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A NEW YORK TIMES NOTABLE BOOK“[An] extraordinarily wide-ranging and engaging book [about] the men who shaped the work of Charles Darwin . . . a book that enriches our understanding of how the struggle to think new thoughts is shared across time and space and people.”—The Sunday Telegraph (London)Christmas, 1859. Just one month after the publication of On the Origin of Species, Charles Darwin received an unsettling letter. He had expected criticism; in fact, letters were arriving daily, most expressing outrage and accusations of heresy. But this letter was different. It accused him of failing to acknowledge his predecessors, of taking credit for a theory that had already been discovered by others. Darwin realized that he had made an error in omitting from Origin of Species any mention of his intellectual forebears.

About the Author

Rebecca Stott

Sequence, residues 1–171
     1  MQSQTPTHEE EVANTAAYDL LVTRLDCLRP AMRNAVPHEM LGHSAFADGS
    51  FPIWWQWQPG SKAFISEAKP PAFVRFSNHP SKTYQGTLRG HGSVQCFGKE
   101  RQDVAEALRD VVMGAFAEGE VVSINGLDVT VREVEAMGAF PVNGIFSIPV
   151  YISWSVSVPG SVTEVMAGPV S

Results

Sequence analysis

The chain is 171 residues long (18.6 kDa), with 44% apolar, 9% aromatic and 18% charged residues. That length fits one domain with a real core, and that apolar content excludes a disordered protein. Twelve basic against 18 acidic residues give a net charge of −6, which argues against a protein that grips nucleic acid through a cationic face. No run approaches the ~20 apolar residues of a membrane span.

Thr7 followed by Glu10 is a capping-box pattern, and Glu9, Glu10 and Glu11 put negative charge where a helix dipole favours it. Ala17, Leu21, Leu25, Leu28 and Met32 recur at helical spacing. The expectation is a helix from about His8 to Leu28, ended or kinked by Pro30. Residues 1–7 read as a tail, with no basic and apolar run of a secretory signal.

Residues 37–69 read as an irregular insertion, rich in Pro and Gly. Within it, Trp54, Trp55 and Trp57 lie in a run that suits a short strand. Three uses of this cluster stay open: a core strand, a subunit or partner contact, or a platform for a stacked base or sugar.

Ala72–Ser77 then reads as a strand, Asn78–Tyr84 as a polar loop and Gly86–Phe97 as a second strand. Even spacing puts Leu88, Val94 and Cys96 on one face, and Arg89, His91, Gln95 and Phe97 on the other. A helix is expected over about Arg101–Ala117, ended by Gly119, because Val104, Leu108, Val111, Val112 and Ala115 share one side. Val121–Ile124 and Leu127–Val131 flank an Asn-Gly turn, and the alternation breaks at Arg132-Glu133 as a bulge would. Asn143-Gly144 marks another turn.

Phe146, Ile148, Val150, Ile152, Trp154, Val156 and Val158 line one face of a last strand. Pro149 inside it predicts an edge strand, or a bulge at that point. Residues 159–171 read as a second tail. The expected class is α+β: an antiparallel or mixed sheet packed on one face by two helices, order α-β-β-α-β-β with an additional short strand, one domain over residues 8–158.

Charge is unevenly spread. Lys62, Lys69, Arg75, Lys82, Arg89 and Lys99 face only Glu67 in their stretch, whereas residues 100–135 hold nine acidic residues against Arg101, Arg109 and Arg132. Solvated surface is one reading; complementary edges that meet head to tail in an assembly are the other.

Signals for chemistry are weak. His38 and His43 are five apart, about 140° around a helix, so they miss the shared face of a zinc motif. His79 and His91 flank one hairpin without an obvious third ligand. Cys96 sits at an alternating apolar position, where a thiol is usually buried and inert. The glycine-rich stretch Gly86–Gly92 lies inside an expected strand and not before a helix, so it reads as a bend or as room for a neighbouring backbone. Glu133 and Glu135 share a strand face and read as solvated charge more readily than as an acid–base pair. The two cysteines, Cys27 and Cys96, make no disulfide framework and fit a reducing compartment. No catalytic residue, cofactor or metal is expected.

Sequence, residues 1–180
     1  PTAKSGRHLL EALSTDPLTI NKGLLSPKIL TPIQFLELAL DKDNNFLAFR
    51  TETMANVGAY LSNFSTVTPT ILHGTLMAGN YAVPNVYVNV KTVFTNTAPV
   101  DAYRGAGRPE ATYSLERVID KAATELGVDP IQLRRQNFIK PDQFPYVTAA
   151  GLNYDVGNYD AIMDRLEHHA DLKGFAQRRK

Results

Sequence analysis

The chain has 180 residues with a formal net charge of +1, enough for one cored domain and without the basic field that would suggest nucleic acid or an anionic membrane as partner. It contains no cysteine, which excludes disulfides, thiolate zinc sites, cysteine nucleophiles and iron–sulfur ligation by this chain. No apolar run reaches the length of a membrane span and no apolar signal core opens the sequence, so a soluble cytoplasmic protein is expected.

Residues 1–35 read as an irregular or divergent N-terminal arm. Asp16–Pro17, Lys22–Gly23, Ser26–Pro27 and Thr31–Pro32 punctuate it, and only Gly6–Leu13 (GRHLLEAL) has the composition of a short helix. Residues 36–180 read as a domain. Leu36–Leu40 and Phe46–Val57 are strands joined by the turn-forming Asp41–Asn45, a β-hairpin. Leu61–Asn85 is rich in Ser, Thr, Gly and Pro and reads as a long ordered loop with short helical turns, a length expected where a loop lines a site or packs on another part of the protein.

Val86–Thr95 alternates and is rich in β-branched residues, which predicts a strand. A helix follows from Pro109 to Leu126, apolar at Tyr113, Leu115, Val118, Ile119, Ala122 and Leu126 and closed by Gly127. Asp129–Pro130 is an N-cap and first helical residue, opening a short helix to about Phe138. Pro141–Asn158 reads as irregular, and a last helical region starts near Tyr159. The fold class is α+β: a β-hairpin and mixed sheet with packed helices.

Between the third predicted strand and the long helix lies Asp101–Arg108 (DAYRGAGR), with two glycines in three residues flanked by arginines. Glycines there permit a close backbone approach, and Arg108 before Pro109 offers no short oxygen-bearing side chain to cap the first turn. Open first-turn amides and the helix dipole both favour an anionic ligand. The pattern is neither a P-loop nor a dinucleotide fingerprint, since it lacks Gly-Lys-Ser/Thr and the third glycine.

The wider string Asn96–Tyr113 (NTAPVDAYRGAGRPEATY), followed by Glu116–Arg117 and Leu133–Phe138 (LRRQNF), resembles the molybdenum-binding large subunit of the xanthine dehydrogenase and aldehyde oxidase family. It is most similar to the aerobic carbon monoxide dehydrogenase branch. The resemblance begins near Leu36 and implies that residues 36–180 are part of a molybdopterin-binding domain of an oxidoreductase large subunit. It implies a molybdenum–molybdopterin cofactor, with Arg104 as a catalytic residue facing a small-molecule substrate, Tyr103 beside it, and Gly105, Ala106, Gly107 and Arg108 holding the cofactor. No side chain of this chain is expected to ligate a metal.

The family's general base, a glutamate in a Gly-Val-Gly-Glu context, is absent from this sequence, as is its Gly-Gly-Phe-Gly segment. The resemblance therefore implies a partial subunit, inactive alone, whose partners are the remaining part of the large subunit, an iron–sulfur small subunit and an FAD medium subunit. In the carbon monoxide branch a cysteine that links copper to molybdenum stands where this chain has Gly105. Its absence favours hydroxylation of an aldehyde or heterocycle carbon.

Rebecca Stott was born in Cambridge in 1964 and raised in Brighton in a large Plymouth Brethren community. She studied English and Art History at York University and then completed an MA and PhD whilst raising her son, Jacob, born in 1984. She is the author of several academic books on Victorian literature and culture, two books of non-fiction, including a partial biography of Charles Darwin, and a cultural history of the oyster. She is now a Professor of English Literature and Creative Writing at the University of East Anglia. She has three children, Jacob, Hannah and Kezia and has lived in Cambridge since 1993. She has made several radio programmes for Radio Four. Her first novel, Ghostwalk, is published by Weidenfeld and Nicolson in the UK, is the launch novel of the new fiction list of Spiegel and Grau in the US (a new division of Random House) and is being translated into 12 different languages including Russian and Chinese. She is writing her next novel, The Coral Thief.

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